Mathematics Stack Exchange is a question and answer site for people studying math at any level and professionals in related fields. It's 100% free, no registration required.

Sign up
Here's how it works:
  1. Anybody can ask a question
  2. Anybody can answer
  3. The best answers are voted up and rise to the top

Can $\left\lfloor{\dfrac{x}{2p+1}} \right\rfloor$ be expressed in terms of $\left\lfloor{\dfrac{x}{p}} \right\rfloor$ for prime $p$?

How to divide by $2p+1$ by only using division by $p$?

EDIT: The above formulation is wrong. I meant "expressed in terms" in a sense broader that "a function that takes $\left\lfloor{\dfrac{x}{p}} \right\rfloor$ as an argument.

Different version: let $0\leq a,b < 2p+1$ ($a,b$ known integers) and $x=ab$. How to divide $x$ by $2p+1$ in a way cheaper than just dividing by $2p+1$? Dividing by $p$ is cheaper than dividing by $2p+1$. It doesn't have to be a formula, algorithm is also ok.

share|cite|improve this question
Is $x$ necessarily an integer, or could it be fractional? – MJD Jun 20 '12 at 16:29
$x$ is an integer and $x<(2p+1)^2$. – asmith Jun 20 '12 at 16:34
up vote 2 down vote accepted

$$ \frac{x}{2p+1} = \frac{x}{2p} \frac{1}{1+1/(2p)} = \sum_{j=0}^\infty (-1)^j \frac{x}{(2p)^{j+1}}$$ For $\left\lfloor \dfrac{x}{2p+1} \right\rfloor$, you can stop the series if you come to a point where further terms can't make a difference (which should happen unless $x$ is an integer multiple of $2p+1$). Thus if $$S_N = \sum_{j=0}^N (-1)^j \dfrac{x}{(2p)^{j+1}}$$ $\left\lfloor \dfrac{x}{2p+1} \right\rfloor = \left\lfloor S_N \right\rfloor$ if $N$ is even and $x/(2p)^{N+2} < S_N - \lfloor S_N \rfloor$ or $N$ is odd and $x/(2p)^{N+2} < \lceil S_N \rceil - S_N$.

share|cite|improve this answer
This is just the old trick of reducing division by $11$ to division by $10$ - see my answer. – Bill Dubuque Jun 20 '12 at 19:28

I don't think it can, in general. By the time you get $\lfloor{x\over p}\rfloor$, information has already been lost that was required in order to know $\left\lfloor{x\over 2p+1}\right\rfloor$.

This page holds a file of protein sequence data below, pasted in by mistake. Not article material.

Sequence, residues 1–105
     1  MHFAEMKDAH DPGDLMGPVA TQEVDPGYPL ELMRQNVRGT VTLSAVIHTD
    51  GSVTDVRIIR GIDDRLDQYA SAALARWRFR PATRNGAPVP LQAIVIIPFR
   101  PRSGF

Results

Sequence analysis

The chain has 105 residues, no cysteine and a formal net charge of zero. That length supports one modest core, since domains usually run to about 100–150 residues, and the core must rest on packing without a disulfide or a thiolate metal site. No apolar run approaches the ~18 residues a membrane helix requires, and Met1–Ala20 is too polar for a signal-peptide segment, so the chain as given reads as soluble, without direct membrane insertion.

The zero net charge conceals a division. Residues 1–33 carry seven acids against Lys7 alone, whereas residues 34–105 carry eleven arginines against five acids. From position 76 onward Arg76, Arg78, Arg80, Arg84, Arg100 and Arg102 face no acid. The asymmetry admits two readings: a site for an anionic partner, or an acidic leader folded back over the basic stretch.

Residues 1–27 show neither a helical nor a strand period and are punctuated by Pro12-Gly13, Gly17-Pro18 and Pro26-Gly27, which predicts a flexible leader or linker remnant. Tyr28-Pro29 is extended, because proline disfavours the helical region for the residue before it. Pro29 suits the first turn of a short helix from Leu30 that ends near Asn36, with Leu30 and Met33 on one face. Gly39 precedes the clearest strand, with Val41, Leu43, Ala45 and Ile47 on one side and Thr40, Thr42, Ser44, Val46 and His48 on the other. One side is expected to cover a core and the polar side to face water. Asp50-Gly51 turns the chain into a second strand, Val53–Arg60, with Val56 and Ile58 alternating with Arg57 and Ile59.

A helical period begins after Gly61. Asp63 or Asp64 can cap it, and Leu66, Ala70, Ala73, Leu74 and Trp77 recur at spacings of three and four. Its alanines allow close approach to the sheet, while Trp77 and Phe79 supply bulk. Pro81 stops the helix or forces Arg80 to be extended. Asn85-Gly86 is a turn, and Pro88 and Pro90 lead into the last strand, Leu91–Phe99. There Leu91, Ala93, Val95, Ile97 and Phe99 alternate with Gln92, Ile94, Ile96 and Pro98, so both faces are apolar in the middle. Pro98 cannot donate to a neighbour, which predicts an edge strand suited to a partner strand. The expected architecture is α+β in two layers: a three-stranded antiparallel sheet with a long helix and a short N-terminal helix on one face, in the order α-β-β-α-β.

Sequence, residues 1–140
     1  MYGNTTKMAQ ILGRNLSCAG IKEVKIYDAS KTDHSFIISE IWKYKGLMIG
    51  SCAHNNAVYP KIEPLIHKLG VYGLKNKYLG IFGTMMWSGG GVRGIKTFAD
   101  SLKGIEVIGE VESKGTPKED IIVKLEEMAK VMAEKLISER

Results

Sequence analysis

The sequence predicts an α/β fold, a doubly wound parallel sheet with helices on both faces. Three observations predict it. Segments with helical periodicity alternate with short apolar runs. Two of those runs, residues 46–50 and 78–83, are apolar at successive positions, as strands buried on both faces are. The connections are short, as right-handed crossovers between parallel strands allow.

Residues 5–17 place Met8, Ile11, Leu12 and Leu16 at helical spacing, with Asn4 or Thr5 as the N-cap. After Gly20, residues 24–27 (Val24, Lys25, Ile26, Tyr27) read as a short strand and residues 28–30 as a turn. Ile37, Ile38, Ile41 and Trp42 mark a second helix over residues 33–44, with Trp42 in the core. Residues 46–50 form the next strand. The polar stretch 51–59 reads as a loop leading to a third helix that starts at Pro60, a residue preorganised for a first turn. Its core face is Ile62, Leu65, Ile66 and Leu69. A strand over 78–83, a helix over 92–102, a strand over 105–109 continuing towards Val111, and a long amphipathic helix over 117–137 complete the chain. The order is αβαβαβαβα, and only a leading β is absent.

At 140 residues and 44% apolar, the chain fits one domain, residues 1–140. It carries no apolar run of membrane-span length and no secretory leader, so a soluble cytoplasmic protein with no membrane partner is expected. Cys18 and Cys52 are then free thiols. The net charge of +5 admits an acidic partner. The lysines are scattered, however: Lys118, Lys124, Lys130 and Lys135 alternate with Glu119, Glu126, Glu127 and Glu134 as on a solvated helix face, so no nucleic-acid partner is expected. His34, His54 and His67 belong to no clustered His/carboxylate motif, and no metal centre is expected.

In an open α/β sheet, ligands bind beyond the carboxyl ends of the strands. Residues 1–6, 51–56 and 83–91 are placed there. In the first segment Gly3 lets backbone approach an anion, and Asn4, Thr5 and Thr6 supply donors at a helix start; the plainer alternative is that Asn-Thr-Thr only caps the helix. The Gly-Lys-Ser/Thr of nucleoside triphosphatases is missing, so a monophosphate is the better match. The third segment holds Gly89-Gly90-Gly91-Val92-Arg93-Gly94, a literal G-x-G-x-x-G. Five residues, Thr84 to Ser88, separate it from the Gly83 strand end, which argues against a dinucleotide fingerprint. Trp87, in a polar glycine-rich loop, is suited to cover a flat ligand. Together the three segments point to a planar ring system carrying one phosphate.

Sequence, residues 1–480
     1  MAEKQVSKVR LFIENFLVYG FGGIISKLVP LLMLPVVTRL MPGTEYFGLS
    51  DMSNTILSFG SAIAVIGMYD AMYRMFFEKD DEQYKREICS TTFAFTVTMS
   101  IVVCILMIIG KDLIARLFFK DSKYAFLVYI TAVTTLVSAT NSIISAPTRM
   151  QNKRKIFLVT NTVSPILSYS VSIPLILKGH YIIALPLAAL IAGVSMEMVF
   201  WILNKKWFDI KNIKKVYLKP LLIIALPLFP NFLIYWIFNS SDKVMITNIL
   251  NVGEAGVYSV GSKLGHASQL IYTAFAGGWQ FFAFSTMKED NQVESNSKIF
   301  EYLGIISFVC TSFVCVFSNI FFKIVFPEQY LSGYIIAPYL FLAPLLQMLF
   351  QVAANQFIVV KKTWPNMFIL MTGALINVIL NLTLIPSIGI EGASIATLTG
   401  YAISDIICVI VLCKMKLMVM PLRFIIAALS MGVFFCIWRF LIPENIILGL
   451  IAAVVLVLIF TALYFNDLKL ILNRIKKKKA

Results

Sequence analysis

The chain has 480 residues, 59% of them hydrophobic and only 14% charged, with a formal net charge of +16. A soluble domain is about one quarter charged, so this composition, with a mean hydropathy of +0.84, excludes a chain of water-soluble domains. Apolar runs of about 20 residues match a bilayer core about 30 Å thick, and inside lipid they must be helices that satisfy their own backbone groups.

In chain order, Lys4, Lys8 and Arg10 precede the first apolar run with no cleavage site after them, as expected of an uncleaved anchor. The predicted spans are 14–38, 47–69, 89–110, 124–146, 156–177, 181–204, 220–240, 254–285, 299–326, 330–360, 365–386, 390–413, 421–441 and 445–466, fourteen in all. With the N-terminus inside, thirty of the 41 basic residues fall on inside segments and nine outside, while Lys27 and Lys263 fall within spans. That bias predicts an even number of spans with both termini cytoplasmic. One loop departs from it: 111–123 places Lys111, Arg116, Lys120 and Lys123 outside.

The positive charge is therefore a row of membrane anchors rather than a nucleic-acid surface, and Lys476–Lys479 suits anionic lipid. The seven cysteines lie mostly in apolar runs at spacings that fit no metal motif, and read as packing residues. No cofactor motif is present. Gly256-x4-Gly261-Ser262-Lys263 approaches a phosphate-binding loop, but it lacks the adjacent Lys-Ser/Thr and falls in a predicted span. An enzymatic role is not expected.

Say for example that you had $p=2$. You need an expression for $\left\lfloor{x\over 2p+1}\right\rfloor = \left\lfloor{x\over 5}\right\rfloor$ that yields 0 when $x=4$ and 1 when $x=5$. But no function of $\left\lfloor{x\over 2}\right\rfloor$ can do this, because $\left\lfloor{x\over 2}\right\rfloor = 2$ for both $x=4$ and $x=5$.

share|cite|improve this answer
+1 I guess the natural question would be "does it work for odd primes?" but the reasoning seems to work fine anyway. – Simon Markett Jun 20 '12 at 16:57
I was imprecise. I didn't mean a function of $floor(x/p)$, but a function that doesn't explicitly use division by $2p+1$. – asmith Jun 20 '12 at 17:00
@simon It's easy to find examples for any prime $p$. We want $x_1$ and $x_2$ such that $\lfloor x_1/p \rfloor = \lfloor x_2/p \rfloor$ but $\lfloor x_1/(2p+1) \rfloor \ne \lfloor x_2/(2p+1) \rfloor$. So take $x_1=2p$ and $x_2=2p+1$. – MJD Jun 20 '12 at 17:06
See my edit.... – asmith Jun 20 '12 at 17:07
@MarkDominus I think asmith is looking for something along the lines of the well-known division by 3 algorithm using bitshifting. Here's a reference that goes into some detail into the $p=2$ case: – Erick Wong Jun 20 '12 at 17:38

Hint $\ $ Reverse engineer this old trick that reduces dividing by $11$ to dividing by $10$.

$\ \ \begin{eqnarray}13717.4\, -\, 1371.74\, &=&\, 12345.66_{\phantom{M^{M^M}}} \\ \Rightarrow\quad \dfrac{137174}{11}\, &=&\, 12345.66 + 123.4566 + 1.234566 + 0.01234566+\,\cdots \\ &=&\, 12470.36... \end{eqnarray}$

share|cite|improve this answer

Your Answer


By posting your answer, you agree to the privacy policy and terms of service.

Not the answer you're looking for? Browse other questions tagged or ask your own question.